The second participant Pieter Dirk Dekker was a young Dutch talented guitar player. His appearance was neatly; he was well-dressed and presented himself correctly. With amongst others Tango en Skai by Dyens the player left a sound impression. Unfortunately, it became clear that the repertoire in combination with the performance-stress was a little bit too ambitious. A slightly easier repertoire very likely had yielded him a higher rank on the podium.
It was strangely obvious with all young Dutch participants of this competition, they played repertoire that was too difficult to play convincingly under the given circumstances. Playing competitions, it is quite important to master the repertoire and feel completely at home with it. Anything less will lead to poorer results than expected by the player.
Nandini Sudhir from India elegantly hit the stage. With a clear voice, she announced that she would play Frog Galliard by John Dowland and Tarantella by Johann Kaspar Mertz. She played completely by heart.
The tricky thing with Frog Galliard is keeping the tempo and the pulse of the piece despite the fact that the divisions become more complex. Nandini was accurate in this and in the end her play even gained extra strength. After the Dowland piece she started the Tarantella with an energetic tempo. She kept the pace and stayed on track, also with the tricky transitions. The same applied for the 6/8 swing of the piece. A spectacular end section concluded her performance. I was there when she played it in Nordhorn and I frankly admit that she surpassed her then presentation here in Enschede. She emanated a certain peace that seamlessly integrated with her performance.
The fifth candidate was Vera Hukker, an old acquaintance of the amateur competition of this festival. She appeared with a piece that has a reputation in degree of difficulty, La Catedral by Augustin Barrios with all three movements, Preludio saudade, Andante religioso and Allegro solemne.
The Preludio brings the guitarist into the crest of the cathedral, so far beyond the twelfth fret. She had to take care not to get ‘acrophobia’ at these positions. With Andante religoso Vera did what was required, creating a calm and spiritual atmosphere. In the last movement, she was very careful not to surpass the boundaries of her capabilities, because it is not wise to attempt to play the same tempo in this movement like for instance David Russell. However, the almost logical consequence became, that the last movement was Solemne, but no Allegro at all! It did not really help her: the last movements showed its challenge, a long-concentrated effort. After the first movements at times it became a problem to keep concentrated, judging a few clearly audible slips and hesitations.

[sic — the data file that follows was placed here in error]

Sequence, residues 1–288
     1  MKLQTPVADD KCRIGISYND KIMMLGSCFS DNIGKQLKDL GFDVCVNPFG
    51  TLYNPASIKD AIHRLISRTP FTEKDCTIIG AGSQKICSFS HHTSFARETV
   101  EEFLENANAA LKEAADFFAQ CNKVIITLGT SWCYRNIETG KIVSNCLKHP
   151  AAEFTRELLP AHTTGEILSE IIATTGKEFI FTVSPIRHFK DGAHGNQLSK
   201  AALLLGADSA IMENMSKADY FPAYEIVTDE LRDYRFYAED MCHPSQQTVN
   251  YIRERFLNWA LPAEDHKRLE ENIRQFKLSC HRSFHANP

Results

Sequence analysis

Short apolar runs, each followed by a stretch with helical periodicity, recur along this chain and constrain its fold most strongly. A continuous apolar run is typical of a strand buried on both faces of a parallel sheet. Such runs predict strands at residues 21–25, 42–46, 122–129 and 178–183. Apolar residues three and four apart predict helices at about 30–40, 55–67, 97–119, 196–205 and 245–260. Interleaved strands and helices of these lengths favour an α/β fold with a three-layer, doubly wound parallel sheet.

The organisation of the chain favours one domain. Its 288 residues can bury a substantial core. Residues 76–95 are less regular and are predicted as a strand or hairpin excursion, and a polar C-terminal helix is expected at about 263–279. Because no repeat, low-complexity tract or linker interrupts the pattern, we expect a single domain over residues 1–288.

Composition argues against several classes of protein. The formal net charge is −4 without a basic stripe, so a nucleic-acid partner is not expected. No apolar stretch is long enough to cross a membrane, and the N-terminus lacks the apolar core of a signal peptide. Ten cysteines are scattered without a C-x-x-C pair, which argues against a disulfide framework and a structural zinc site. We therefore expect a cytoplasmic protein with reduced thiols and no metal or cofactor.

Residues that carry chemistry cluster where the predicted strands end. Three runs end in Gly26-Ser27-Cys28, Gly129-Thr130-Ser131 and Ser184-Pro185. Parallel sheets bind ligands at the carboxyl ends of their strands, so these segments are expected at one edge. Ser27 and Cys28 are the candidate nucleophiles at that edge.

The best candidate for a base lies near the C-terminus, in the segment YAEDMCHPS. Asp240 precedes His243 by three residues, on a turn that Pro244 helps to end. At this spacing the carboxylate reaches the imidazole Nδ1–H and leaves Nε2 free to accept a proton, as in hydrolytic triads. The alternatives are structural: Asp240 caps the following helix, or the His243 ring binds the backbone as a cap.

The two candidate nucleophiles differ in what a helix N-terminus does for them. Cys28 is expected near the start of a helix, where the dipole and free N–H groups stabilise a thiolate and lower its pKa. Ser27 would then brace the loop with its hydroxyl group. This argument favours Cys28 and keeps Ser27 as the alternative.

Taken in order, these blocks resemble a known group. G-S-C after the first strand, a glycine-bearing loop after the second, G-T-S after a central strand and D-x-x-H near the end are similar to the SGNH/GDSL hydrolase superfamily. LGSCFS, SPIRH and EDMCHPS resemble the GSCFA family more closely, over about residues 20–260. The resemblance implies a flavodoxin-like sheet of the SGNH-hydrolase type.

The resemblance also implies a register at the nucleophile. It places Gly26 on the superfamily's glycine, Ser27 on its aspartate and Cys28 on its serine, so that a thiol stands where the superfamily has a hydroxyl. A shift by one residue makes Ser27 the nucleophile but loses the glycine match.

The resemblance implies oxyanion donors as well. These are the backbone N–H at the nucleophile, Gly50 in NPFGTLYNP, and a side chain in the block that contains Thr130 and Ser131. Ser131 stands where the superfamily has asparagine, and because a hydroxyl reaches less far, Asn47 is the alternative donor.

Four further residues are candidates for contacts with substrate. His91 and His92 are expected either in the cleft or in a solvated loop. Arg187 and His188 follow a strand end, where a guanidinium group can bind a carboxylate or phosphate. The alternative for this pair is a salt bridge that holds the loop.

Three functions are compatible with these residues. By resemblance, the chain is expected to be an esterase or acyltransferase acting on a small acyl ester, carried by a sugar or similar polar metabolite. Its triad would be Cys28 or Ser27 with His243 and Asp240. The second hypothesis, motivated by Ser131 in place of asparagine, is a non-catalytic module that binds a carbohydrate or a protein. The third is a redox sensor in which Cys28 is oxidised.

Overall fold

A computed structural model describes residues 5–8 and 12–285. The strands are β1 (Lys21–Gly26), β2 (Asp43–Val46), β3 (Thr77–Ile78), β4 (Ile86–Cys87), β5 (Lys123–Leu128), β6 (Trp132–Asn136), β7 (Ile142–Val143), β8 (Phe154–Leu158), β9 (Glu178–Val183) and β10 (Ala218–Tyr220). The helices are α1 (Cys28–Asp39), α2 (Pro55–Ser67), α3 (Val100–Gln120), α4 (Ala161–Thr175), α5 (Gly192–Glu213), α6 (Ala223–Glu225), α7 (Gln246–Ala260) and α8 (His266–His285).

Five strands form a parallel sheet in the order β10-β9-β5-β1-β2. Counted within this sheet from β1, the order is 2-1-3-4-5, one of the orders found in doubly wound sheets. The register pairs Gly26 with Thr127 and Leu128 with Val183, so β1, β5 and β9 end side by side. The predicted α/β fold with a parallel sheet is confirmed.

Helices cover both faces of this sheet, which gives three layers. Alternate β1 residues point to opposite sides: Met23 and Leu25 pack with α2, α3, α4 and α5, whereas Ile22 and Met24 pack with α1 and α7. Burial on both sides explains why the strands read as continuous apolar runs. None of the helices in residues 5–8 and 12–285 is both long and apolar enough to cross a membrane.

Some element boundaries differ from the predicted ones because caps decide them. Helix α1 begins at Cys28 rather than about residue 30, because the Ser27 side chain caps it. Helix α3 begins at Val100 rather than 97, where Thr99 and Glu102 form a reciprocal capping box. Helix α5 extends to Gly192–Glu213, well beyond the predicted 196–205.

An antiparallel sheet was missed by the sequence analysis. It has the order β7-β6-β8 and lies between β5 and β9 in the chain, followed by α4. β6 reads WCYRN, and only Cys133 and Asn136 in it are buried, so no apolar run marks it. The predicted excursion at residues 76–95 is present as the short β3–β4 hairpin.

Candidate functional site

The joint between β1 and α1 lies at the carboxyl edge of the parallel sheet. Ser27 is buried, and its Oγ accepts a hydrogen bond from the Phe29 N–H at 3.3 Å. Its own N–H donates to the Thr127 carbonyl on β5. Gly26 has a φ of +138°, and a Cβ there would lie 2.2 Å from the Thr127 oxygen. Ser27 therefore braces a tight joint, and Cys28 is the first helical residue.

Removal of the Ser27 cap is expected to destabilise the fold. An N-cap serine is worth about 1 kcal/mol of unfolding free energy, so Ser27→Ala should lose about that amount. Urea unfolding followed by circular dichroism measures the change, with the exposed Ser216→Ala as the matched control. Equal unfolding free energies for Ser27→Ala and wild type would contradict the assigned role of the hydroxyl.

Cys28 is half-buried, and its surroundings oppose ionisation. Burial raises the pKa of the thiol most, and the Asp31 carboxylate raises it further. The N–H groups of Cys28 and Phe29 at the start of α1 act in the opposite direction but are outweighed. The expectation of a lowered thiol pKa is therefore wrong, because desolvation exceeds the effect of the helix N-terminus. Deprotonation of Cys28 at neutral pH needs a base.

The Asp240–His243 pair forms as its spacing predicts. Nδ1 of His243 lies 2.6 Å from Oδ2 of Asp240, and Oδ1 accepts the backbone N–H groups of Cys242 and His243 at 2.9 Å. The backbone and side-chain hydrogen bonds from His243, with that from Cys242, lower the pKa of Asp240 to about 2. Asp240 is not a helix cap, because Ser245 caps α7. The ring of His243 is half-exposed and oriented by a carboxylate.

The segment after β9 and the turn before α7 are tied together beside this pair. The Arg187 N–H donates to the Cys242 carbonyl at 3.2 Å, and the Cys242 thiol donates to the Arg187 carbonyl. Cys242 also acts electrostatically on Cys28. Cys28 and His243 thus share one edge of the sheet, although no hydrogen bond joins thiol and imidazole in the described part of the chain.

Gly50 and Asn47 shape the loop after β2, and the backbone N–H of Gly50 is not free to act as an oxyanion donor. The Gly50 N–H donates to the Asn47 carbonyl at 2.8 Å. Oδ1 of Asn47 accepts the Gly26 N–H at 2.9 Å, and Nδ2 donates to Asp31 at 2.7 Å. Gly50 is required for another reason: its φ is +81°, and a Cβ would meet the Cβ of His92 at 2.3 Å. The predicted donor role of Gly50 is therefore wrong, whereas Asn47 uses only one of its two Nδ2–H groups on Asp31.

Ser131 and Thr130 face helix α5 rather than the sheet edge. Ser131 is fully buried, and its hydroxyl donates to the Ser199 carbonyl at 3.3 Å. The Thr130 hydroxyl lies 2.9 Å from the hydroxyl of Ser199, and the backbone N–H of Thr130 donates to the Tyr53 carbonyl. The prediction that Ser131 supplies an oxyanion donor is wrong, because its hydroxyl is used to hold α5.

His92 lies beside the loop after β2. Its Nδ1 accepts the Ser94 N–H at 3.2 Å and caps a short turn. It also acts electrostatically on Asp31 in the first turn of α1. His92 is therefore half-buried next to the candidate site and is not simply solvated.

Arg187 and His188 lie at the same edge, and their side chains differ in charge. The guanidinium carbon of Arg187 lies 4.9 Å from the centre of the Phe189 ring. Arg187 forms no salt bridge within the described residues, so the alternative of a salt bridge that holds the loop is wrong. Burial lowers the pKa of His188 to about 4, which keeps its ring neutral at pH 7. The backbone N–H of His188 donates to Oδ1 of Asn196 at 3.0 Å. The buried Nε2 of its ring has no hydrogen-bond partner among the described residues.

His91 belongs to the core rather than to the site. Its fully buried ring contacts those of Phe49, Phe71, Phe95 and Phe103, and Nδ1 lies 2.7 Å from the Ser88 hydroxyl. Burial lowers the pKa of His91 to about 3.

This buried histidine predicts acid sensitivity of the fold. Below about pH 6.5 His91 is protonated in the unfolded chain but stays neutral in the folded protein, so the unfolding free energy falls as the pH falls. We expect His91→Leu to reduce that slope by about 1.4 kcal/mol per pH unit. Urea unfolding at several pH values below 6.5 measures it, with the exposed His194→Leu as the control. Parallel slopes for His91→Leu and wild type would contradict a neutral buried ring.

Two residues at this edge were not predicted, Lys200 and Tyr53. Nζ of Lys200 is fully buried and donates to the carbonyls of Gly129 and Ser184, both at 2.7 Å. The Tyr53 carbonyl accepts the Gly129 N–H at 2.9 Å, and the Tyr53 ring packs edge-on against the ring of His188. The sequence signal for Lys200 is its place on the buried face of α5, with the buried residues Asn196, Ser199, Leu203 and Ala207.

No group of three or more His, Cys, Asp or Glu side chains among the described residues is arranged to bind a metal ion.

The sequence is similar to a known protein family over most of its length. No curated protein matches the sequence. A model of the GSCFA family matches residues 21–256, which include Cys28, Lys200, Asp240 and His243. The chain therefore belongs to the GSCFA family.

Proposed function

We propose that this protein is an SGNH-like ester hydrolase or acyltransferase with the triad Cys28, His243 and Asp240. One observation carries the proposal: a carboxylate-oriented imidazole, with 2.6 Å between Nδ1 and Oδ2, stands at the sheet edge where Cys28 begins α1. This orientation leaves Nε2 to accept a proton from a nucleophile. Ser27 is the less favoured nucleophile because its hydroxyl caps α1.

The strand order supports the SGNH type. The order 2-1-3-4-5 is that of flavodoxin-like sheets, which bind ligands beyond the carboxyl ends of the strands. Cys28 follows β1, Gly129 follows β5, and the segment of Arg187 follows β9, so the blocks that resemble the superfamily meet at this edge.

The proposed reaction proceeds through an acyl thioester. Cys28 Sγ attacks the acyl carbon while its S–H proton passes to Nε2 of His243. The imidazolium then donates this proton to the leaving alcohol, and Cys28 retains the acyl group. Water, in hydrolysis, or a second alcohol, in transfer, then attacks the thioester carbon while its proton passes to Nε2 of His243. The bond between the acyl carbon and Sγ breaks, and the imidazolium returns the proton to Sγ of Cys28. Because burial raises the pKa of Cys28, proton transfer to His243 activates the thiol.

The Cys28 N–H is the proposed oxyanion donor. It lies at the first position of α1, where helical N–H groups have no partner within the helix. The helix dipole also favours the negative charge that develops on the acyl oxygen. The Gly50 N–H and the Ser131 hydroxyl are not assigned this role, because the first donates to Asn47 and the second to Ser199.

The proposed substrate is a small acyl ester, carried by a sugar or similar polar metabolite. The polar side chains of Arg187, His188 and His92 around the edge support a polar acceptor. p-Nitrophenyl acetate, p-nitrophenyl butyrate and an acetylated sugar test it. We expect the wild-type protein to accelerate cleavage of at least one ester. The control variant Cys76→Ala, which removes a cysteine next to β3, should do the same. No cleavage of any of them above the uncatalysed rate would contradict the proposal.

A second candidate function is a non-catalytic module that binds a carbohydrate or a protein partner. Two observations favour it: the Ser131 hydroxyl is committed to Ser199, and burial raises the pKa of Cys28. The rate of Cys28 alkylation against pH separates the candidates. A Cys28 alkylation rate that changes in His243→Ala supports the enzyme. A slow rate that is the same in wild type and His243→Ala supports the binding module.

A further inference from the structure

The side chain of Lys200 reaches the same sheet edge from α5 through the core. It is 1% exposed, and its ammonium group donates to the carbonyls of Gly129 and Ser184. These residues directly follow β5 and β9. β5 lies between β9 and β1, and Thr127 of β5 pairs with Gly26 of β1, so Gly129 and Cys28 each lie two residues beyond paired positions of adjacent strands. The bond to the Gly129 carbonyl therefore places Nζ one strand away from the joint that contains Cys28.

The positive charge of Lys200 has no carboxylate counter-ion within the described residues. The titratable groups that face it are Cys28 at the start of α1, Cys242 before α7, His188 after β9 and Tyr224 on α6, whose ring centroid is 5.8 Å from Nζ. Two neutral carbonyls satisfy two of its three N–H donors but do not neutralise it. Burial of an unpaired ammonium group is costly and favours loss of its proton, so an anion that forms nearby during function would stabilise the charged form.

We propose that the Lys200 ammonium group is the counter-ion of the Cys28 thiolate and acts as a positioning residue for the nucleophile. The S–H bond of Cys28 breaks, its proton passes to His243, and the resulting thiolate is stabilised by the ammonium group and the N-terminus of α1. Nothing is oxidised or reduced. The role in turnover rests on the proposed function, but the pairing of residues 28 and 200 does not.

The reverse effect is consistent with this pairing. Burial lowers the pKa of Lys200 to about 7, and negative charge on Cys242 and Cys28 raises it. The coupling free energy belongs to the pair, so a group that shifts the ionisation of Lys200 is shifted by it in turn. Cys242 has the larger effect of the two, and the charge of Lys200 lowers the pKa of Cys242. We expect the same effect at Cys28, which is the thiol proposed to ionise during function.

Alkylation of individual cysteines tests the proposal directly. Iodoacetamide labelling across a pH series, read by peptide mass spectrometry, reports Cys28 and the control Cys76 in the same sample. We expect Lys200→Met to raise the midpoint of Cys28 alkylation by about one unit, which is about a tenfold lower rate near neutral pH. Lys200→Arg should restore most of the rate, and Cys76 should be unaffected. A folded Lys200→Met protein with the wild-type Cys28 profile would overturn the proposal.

The last candidate was the young Robin Ros. He strove for the prizes with Preludios Americanos Nr. 3 Campo by Abel Carlevaro and the famous Vals Nr. 3 by Augustin Barrios, both pieces that are fitting for conservatory training. So, Noblesse oblige, but… that did not show up during his performance. The bass line in Campo carries the melody and is life-important for the piece, well; its performance did not convince me! Like I have heard with a number of competitions, the Valse by Barrios has some pitfalls ready for the player, and unfortunately Mr. Ros could not evade them all.
We did not have to wait long for the results. This afternoon, the jury valued youthful ambition and technical complexity of the repertoire.
Nandini Sudhir from India was the proud winner, and I totally agreed with that. Vera Hukker and Robin Ros shared the second prize and the remaining players were not rated.
(Un?)Fortunately, the certificates mentioned the ranking (although I understood that this should not have happened), the oldies were on the last positions, I was placed last and Hans Jansen got place five. Pieter Dirk Dekker could choose the fourth or third place, that’s simple mathematics, isn’t it? I guess he would rather have the third place on his guitar CV. I must say that it’s a strange construction, as a jury I would have issued this third price anyway. Well, possibly an extra prize was out of budget.